Ratios of the phycobiliproteins isolated from wild type red Chondrus crispus and its green mutantPBS, phycobilisome; PE, phycoerythrin; APC, allophycocyanin; PC, phycocyanin.
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Ratios of the phycobiliproteins isolated from wild type red Chondrus crispus and its green mutant PBS, phycobilisome; PE, phycoerythrin; APC, allophycocyanin; PC, phycocyanin.
Apparent molecular masses of phycobiliprotein subunit complexes from phycobilisome bands isolated from wild type red Chondrus crispus and its vegetative green mutantR-PC, R-phycocyanin; APC, allophycocyanin; R-PE, R-phycoerythrin.
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Apparent molecular masses of phycobiliprotein subunit complexes from phycobilisome bands isolated from wild type red Chondrus crispus and its vegetative green mutant R-PC, R-phycocyanin; APC, allophycocyanin; R-PE, R-phycoerythrin.
whole red extract at 6.490 PE to PC. With the exception of the whole extracts, all the pigment samples had a PC to APC ratio between 0.045 and 0.052. Dry matter content of the frozen algal samples was not measured and the PBS extractions were not quantitative, therefore the pigment measurements cannot be related back to the original tissue concentrations.
The apparent molecular masses of the dissociated constituents of the protein complexes of all samples are listed in Table 3 . The results of the SDS-PAGE analysis further demonstrate some differences among the phycobiliprotein subunit complexes in the extracts collected ( Fig. 6 ).
DISCUSSION
The use of colour mutants has proved a valuable tool in red algal biology (see review by van der Meer 1990). Such mutations have played an important role in uncovering the details of red algal life histories and development, in particular in the genera Palmaria (van der Meer and Todd 1980), Porphyra and Pyropia (Ma and Miura 1984, Mitman and van der Meer 1994, Yan et al. 2005, Niwa 2010 as Porphyra , Niwa and Abe 2012). In Porphyra , segregation of the green mutation was a key feature in identifying the position of meiosis (Ma and Miura 1984). Colour mutants have also provided important model systems for studying mechanisms of inheritance in red algae in a variety of genera including Chondrus (e.g., van der Meer 1981) and Gracilaria (Plastino et al. 1999, 2004, Costa and Plastino 2011). Some of these mutants may be artificially produced by various chemical (e.g., Yan et al. 2000) or radiation treatments (e.g., Niwa et al. 2009), or spontaneously occur in culture (e.g., Chondrus ) (van der Meer 1981, Staples et al. 1995) such as the Chondrus used in this study. While green mutants may be common in nature, with frequencies of up to 19% recorded for a Gracilaria from Brazil (Guimaraes et al. 2003), green mutant strains of Chondrus (Staples et al. 1995) and Hypnea (Yokoya et al. 2007) generally do not perform as well as wild-type strains in culture. However, despite obvious pigment deficiencies, these mutants may be better adapted for certain light conditions. For example, a green mutant of Hypnea musciformis grew better at higher irradiances than its wild type progenitor (Yokoya et al. 2007). While these green mutant strains may be deficient in some phycobilin pigments as shown here, these mutants may even be deficient in the formation of PBS. For example, Pueschel and van der Meer (1984) were unable to detect them in their Palmaria mutant. The establishment of intact PBS associated with thylakoids remains to be established in the Chondrus strain used in this study. Given the variety of green mutations in Chondrus evaluated by van der Meer (1981), such strains would be useful to further characterize the pigment / protein composition of PBS.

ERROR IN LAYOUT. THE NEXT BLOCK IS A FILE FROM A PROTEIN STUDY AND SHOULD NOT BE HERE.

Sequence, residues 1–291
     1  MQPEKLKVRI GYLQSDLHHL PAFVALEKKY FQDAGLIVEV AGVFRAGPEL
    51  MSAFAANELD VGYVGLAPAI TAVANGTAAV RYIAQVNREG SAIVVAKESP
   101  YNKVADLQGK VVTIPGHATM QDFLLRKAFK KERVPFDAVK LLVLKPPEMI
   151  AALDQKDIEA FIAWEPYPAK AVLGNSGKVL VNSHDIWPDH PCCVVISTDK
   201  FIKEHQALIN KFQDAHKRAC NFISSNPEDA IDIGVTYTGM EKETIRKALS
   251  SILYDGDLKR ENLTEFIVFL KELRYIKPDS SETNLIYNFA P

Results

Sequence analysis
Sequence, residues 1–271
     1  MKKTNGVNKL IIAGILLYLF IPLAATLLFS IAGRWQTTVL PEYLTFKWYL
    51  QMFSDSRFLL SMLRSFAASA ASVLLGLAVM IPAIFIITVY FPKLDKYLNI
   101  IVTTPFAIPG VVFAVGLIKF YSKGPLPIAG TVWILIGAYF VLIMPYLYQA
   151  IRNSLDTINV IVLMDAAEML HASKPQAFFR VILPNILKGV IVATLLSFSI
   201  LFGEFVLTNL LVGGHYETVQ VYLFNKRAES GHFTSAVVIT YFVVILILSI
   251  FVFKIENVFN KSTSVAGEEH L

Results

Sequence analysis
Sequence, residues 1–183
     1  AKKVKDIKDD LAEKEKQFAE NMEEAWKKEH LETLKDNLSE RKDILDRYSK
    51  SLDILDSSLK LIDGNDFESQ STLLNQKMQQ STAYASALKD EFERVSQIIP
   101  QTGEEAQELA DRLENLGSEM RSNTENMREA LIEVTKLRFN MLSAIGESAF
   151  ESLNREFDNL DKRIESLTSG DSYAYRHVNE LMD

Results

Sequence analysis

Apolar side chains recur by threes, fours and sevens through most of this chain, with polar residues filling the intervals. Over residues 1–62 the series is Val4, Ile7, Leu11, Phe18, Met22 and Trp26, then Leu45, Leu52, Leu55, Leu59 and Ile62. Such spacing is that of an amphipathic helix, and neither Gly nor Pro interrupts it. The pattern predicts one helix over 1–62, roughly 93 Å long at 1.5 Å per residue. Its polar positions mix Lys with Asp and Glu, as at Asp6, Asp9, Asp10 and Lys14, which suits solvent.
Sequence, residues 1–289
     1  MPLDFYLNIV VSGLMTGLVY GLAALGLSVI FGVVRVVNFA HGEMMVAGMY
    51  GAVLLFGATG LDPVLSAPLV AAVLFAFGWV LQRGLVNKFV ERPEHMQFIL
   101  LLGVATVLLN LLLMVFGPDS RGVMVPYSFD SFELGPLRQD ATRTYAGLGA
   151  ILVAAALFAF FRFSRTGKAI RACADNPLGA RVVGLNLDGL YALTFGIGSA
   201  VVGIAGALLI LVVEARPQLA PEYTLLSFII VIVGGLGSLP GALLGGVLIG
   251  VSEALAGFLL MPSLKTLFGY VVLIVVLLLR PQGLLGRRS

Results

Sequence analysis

The composition of red algal PBS typically consists of an APC core and several peripheral rods containing PC or PC/PE (Arteni et al. 2008, Su et al. 2010 b ). PE is the outermost pigment protein and its function is to increase the light harvesting capacity of the alga. This study has provided a clear explanation for the reduced growth rate of the natural green clone (Cornish unpublished data). An apparent inability to produce a full complement of functionally active PE proteins, accentuated by a deficiency of R-PE linker peptides would account for this inability to maximize light harvesting. Without PE, the functionality of the light-harvesting complex in the green mutant is compromised, and initial steps of light absorption must begin with PC.